2. The argument here is similar to the one in the prior item. With ${\displaystyle V=M\oplus N}$ , the projection of ${\displaystyle {\vec {v}}={\vec {m}}+{\vec {n}}}$  is ${\displaystyle {\mbox{proj}}_{M,N}({{\vec {v}}\,})={\vec {m}}}$ . Now repeating the projection will give ${\displaystyle {\mbox{proj}}_{M,N}({\vec {m}})={\vec {m}}}$ , as required, because the decomposition of a member of ${\displaystyle M}$  into the sum of a member of ${\displaystyle M}$  and a member of ${\displaystyle N}$  is ${\displaystyle {\vec {m}}={\vec {m}}+{\vec {0}}}$ . Thus, projecting twice onto ${\displaystyle M}$  along ${\displaystyle N}$  has the same effect as projecting once.
3. As suggested by the prior items, the condition gives that ${\displaystyle t}$  leaves vectors in the rangespace unchanged, and hints that we should take ${\displaystyle {\vec {\beta }}_{1}}$ , ..., ${\displaystyle {\vec {\beta }}_{r}}$  to be basis vectors for the range, that is, that we should take the range space of ${\displaystyle t}$  for ${\displaystyle M}$  (so that ${\displaystyle \dim(M)=r}$ ). As for the complement, we write ${\displaystyle N}$  for the nullspace of ${\displaystyle t}$  and we will show that ${\displaystyle V=M\oplus N}$ . To show this, we can show that their intersection is trivial ${\displaystyle M\cap N=\{{\vec {0}}\}}$  and that they sum to the entire space ${\displaystyle M+N=V}$ . For the first, if a vector ${\displaystyle {\vec {m}}}$  is in the rangespace then there is a ${\displaystyle {\vec {v}}\in V}$  with ${\displaystyle t({\vec {v}})={\vec {m}}}$ , and the condition on ${\displaystyle t}$  gives that ${\displaystyle t({\vec {m}})=(t\circ t)\,({\vec {v}})=t({\vec {v}})={\vec {m}}}$ , while if that same vector is also in the nullspace then ${\displaystyle t({\vec {m}})={\vec {0}}}$  and so the intersection of the rangespace and nullspace is trivial. For the second, to write an arbitrary ${\displaystyle {\vec {v}}}$  as the sum of a vector from the rangespace and a vector from the nullspace, the fact that the condition ${\displaystyle t({\vec {v}})=t(t({\vec {v}}))}$  can be rewritten as ${\displaystyle t({\vec {v}}-t({\vec {v}}))={\vec {0}}}$  suggests taking ${\displaystyle {\vec {v}}=t({\vec {v}})+({\vec {v}}-t({\vec {v}}))}$ . So we are finished on taking a basis ${\displaystyle B=\langle {\vec {\beta }}_{1},\ldots ,{\vec {\beta }}_{n}\rangle }$  for ${\displaystyle V}$  where ${\displaystyle \langle {\vec {\beta }}_{1},\ldots ,{\vec {\beta }}_{r}\rangle }$  is a basis for the rangespace ${\displaystyle M}$  and ${\displaystyle \langle {\vec {\beta }}_{r+1},\ldots ,{\vec {\beta }}_{n}\rangle }$  is a basis for the nullspace ${\displaystyle N}$ .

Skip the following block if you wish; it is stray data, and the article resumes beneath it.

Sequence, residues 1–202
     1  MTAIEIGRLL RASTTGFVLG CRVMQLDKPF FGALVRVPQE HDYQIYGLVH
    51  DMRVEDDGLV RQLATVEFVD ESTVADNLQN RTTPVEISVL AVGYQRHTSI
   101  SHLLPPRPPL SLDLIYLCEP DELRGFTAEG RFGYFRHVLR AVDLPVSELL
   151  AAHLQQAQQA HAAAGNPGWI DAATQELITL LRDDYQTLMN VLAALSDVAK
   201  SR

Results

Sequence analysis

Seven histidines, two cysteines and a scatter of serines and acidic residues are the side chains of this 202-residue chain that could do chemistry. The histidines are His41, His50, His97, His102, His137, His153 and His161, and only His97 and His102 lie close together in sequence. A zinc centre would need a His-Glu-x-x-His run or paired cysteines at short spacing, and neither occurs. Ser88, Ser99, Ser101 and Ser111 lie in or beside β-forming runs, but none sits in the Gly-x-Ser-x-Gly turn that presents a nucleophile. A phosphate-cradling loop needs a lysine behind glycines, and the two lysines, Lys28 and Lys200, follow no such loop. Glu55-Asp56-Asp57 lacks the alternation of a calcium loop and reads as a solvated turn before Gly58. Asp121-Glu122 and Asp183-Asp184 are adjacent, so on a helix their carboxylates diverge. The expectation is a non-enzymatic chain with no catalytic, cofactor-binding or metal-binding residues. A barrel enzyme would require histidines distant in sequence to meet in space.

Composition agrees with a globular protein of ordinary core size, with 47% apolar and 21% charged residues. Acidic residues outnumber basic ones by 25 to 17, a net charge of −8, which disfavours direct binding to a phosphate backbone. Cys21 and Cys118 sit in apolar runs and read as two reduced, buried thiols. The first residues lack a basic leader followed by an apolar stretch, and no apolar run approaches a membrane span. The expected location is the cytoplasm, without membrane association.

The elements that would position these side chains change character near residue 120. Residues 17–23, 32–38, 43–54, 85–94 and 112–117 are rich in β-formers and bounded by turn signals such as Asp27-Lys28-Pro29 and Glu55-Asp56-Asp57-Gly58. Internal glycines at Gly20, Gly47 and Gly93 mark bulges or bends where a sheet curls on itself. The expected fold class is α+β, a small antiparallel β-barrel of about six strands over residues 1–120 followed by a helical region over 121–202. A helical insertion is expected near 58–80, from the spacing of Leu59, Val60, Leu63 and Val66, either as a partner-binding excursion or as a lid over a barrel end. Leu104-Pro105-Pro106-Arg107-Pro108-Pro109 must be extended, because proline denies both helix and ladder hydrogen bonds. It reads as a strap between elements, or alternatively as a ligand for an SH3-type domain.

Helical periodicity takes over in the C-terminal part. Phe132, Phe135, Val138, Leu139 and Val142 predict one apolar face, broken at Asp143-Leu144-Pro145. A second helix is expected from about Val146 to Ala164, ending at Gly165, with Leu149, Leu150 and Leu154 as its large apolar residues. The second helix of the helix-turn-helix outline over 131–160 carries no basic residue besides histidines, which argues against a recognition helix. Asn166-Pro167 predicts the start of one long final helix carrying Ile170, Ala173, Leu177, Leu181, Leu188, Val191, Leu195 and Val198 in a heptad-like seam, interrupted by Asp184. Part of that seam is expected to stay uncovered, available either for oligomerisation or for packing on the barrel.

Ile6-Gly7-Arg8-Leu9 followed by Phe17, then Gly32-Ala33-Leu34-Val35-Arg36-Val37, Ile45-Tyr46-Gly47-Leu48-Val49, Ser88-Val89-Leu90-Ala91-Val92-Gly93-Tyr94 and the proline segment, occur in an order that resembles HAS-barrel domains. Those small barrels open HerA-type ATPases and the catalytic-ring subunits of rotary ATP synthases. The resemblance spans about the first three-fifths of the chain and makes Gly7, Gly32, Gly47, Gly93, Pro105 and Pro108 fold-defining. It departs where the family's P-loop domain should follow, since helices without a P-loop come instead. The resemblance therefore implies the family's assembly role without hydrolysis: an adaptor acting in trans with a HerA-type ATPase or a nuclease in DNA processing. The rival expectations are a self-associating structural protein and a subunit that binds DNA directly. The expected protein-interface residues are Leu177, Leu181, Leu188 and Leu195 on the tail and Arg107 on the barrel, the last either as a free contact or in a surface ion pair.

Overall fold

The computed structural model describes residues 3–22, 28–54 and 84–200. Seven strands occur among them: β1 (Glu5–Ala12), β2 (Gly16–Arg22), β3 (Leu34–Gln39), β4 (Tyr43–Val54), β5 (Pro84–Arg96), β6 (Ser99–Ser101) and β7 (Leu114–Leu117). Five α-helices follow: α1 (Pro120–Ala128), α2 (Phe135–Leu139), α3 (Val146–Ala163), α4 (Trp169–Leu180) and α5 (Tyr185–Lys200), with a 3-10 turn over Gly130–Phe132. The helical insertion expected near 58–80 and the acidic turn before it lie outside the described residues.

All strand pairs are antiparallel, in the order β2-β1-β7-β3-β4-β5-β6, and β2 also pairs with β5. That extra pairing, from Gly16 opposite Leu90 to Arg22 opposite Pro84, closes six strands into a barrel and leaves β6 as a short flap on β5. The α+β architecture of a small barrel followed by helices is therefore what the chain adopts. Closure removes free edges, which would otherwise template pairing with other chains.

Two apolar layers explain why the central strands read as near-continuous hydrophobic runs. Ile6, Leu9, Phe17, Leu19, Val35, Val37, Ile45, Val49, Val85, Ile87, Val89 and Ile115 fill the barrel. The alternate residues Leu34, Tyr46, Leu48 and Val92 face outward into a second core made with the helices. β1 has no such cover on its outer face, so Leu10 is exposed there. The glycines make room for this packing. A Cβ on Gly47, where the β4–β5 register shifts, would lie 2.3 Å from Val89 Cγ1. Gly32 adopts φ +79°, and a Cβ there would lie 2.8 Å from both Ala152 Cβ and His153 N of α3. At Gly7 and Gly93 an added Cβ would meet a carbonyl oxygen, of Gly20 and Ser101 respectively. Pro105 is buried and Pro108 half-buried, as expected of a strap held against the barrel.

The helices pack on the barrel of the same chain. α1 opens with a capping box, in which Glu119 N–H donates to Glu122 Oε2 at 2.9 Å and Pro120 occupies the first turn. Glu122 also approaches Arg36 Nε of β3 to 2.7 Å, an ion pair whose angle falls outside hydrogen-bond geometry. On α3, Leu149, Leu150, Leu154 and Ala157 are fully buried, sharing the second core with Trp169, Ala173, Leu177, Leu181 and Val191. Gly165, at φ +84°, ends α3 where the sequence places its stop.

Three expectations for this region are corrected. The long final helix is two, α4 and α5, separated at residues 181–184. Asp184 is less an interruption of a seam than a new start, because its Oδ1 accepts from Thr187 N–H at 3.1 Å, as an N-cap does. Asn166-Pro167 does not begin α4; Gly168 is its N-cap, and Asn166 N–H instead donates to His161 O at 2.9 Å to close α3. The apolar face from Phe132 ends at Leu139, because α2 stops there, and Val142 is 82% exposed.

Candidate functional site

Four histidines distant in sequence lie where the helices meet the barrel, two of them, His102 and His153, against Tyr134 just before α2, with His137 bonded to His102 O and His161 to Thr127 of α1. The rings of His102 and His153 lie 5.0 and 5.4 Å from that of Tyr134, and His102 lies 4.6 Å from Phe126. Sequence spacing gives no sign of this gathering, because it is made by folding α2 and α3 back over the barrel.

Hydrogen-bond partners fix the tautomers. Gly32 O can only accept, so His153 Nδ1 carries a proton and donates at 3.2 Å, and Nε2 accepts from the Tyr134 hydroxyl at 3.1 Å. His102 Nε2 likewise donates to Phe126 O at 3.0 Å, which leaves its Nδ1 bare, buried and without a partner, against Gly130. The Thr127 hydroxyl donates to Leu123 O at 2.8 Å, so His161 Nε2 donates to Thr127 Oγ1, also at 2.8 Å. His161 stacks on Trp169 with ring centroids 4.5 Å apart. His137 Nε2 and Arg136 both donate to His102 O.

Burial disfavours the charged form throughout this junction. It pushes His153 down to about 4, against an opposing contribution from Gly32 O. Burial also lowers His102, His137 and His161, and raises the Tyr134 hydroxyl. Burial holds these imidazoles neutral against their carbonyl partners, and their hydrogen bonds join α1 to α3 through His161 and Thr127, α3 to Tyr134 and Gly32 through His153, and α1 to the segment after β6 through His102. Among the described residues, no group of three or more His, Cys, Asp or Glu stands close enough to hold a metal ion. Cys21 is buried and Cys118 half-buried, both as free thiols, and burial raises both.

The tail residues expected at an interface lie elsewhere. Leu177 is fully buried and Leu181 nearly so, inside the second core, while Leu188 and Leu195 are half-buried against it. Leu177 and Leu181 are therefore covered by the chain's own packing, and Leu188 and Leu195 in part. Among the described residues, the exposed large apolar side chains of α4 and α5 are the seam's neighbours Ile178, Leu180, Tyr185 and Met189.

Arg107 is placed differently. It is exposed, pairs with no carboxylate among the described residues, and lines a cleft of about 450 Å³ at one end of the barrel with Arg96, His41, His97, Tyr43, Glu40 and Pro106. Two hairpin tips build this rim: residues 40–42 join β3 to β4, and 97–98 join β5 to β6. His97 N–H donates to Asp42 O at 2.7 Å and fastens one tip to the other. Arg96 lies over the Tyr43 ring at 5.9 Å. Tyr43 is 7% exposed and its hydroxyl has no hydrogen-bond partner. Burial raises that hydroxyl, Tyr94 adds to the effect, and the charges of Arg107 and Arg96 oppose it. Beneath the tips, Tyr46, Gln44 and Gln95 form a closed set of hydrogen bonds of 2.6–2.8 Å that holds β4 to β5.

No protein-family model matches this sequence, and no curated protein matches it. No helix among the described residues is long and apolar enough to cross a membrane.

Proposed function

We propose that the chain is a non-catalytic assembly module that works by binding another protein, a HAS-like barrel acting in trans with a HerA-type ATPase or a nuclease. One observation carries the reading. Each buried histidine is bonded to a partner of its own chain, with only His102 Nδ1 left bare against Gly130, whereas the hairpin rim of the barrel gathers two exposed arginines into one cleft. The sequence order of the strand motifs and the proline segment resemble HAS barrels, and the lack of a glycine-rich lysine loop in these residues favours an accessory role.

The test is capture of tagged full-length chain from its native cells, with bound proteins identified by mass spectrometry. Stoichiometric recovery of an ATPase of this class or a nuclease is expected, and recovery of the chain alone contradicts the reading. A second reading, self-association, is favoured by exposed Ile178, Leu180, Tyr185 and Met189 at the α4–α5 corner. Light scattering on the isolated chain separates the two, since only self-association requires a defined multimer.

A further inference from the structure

4. Every projection (as defined in this exercise) is a projection onto its rangespace and along its nullspace.
5. This also follows immediately from the third item.
Problem 17

A square matrix is symmetric if each ${\displaystyle i,j}$  entry equals the ${\displaystyle j,i}$  entry (i.e., if the matrix equals its transpose). Show that the projection matrix ${\displaystyle A({{A}^{\rm {trans}}}A)^{-1}{{A}^{\rm {trans}}}}$  is symmetric. (Strang 1980) Hint. Find properties of transposes by looking in the index under "transpose".

Answer

For any matrix ${\displaystyle M}$  we have that ${\displaystyle {{(M^{-1})}^{\rm {trans}}}=({{M}^{\rm {trans}}})^{-1}}$ , and for any two matrices ${\displaystyle M}$ , ${\displaystyle N}$  we have that ${\displaystyle {{MN}^{\rm {trans}}}={{N}^{\rm {trans}}}{{M}^{\rm {trans}}}}$  (provided, of course, that the inverse and product are defined). Applying these two gives that the matrix equals its transpose.

${\displaystyle {{{\bigl (}A({{A}^{\rm {trans}}}A)^{-1}{{A}^{\rm {trans}}}{\bigr )}}^{\rm {trans}}}=({{{A}^{\rm {trans}}}^{\rm {trans}}})({{{\bigl (}({{A}^{\rm {trans}}}A)^{-1}{\bigr )}}^{\rm {trans}}})({{A}^{\rm {trans}}})}$
${\displaystyle =({{{A}^{\rm {trans}}}^{\rm {trans}}})({\bigl (}{{({{A}^{\rm {trans}}}A)}^{\rm {trans}}}{\bigr )}^{-1})({{A}^{\rm {trans}}})=A({{A}^{\rm {trans}}}{{{A}^{\rm {trans}}}^{\rm {trans}}})^{-1}{{A}^{\rm {trans}}}=A({{A}^{\rm {trans}}}A)^{-1}{{A}^{\rm {trans}}}}$

## References

• Strang, Gilbert (1993), "The Fundamental Theorem of Linear Algebra", American Mathematical Monthly, American Mathematical Society: 848–855 {{citation}}: Unknown parameter |month= ignored (help).
• Strang, Gilbert (1980), Linear Algebra and its Applications (2nd ed.), Hartcourt Brace Javanovich